Where are the goals of XFCE.

Mike Massonnet mmassonnet at gmail.com
Mon Jul 14 19:22:39 CEST 2008

On Mon, Jul 14, 2008 at 12:31:53PM -0400, Richard Querin wrote:
> On Mon, Jul 14, 2008 at 12:26 PM, Grant Edwards <grante at visi.com> wrote:
> > On 2008-07-14, Vincent <mailinglists at vinnl.nl> wrote:
> >
> > > Of course talking light-weightness is not stupid. However, it
> > > is madness to assume that, because Xfce ran on old computers
> > > five years ago, Xfce should still run on those same computers
> > > today even though they've become five years older. "Old
> > > computers" of today can handle more than "old computers" of
> > > yesterday.
> >
> > Cool.  Where do you get one of those computers who's capacity
> > increases with time?  My "old computers" of a few years ago are
> > the same machines as my "old computers" of today.  :)
> >
> I think something like a 5 year old or 8 year old moving window is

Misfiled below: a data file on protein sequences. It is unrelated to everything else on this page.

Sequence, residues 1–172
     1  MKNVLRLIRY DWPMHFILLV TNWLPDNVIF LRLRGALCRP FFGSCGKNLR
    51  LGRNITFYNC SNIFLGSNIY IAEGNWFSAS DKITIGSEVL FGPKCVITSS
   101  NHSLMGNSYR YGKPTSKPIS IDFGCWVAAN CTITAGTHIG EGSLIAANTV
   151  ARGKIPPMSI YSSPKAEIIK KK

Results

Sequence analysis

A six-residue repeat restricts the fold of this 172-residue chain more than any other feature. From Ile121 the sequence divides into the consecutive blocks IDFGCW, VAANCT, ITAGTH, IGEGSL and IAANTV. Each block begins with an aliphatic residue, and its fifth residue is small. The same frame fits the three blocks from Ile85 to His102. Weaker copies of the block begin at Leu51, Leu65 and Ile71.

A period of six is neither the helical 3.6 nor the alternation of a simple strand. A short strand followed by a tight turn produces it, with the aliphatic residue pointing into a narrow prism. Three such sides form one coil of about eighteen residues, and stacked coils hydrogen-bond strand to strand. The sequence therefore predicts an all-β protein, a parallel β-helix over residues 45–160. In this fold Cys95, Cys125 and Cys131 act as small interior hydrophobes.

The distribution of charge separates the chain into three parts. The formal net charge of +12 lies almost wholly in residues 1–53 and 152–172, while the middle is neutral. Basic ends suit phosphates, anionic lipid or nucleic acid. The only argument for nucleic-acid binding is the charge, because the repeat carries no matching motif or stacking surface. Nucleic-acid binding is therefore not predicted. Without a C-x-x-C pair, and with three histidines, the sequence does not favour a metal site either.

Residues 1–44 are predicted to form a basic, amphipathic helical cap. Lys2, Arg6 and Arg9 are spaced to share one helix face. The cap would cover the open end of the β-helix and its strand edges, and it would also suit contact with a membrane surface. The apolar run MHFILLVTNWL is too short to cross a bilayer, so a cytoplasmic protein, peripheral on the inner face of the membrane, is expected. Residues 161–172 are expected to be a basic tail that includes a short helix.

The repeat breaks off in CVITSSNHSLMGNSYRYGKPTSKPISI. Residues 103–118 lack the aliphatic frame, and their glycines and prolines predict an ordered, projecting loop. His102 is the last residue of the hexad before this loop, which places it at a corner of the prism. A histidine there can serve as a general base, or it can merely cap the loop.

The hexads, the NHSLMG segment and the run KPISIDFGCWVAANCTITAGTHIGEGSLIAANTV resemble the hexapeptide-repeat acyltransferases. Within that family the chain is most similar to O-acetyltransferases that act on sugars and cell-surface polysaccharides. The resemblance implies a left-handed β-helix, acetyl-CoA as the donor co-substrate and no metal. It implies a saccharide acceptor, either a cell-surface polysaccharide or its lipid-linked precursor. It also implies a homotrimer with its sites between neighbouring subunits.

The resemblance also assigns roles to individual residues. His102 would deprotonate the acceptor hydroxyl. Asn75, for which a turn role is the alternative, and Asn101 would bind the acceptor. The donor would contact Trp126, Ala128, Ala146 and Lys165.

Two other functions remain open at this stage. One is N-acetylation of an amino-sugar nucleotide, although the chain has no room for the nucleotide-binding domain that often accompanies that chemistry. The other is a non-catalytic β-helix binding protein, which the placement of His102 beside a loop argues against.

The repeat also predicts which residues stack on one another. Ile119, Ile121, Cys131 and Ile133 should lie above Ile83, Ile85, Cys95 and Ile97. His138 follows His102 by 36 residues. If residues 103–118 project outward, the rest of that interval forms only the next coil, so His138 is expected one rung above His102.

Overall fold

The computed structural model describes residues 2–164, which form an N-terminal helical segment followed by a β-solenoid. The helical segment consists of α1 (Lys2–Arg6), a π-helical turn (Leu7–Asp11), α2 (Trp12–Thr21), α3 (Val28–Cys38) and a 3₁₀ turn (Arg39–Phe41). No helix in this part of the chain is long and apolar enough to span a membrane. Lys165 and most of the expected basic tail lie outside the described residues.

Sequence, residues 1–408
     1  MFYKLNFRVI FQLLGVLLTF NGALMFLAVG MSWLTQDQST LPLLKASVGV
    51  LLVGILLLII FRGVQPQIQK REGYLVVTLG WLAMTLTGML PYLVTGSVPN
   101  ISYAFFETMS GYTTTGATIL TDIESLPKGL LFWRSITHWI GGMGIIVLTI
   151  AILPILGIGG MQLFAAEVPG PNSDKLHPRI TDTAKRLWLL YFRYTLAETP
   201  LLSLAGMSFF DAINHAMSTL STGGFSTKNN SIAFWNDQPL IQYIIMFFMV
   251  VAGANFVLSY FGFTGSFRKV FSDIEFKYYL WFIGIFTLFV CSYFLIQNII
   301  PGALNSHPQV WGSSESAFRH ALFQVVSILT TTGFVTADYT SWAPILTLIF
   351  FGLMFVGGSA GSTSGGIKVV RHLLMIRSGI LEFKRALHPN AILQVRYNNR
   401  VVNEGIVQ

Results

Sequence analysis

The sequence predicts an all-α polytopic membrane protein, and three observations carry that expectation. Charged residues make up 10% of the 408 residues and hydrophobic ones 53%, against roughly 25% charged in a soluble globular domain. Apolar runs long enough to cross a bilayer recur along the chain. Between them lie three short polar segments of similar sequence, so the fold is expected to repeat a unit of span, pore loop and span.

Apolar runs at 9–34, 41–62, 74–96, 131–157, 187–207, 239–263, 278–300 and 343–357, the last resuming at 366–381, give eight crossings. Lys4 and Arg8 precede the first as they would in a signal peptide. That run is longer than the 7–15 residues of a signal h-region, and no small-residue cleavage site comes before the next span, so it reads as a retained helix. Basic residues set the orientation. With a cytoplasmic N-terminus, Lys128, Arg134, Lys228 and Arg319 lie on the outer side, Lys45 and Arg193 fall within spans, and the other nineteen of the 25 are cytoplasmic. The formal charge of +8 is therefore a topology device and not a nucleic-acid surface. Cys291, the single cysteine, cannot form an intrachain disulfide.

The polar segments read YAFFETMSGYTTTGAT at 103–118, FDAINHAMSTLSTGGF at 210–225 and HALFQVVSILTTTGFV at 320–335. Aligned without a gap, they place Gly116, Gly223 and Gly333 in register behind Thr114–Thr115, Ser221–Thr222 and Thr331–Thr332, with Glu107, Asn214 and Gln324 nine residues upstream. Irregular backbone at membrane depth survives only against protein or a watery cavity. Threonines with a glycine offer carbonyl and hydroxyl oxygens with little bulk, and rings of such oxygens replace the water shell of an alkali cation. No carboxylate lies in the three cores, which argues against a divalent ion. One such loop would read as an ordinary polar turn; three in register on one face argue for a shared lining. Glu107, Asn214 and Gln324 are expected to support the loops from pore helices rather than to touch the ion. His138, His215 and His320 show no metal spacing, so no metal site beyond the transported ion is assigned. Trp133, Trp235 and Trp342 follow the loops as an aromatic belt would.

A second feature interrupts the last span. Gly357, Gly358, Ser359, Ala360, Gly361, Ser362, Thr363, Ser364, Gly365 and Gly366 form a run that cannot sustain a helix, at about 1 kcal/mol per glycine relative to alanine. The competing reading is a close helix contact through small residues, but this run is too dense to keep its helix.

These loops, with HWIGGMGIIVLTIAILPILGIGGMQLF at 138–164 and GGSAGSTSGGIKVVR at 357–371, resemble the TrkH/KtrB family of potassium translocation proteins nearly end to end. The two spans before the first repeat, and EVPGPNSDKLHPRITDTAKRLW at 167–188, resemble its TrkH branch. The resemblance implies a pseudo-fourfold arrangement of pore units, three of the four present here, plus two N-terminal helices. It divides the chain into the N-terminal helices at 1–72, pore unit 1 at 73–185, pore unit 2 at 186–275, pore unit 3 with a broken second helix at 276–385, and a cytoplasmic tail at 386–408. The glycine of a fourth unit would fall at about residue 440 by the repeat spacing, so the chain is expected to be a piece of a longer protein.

> completely reasonable. Xfce works great with my P4-3Ghz which is now
> probably 5 years old. Gnome works, but not nearly as well. But I don't
> expect XFCE to work well with my Pentium75 from years gone by. Things have
> to change. But you can still make sure you cater to old machines and define
> what that means based on the current state of the art.

Xfce makes and made really good choice on low ressource machines while
providing the several components with modularity.  But you always have
the choice to go even lower, like openbox ;-)

I know a small local that is equiped with low ressource machines and
running Xfce 4.0 (with a great configuration) back from 2005~, and it
still is.

Just to conclude that, being on bleeding-edge (fuzzy word) is not the
way to go for "old/low-ressource-machines".  Nowaways you mostly get
"low-cost-machines" where Xfce runs without problem, with composite
extension, and with with with.
Mike Massonnet
mmassonnet at xfce.org

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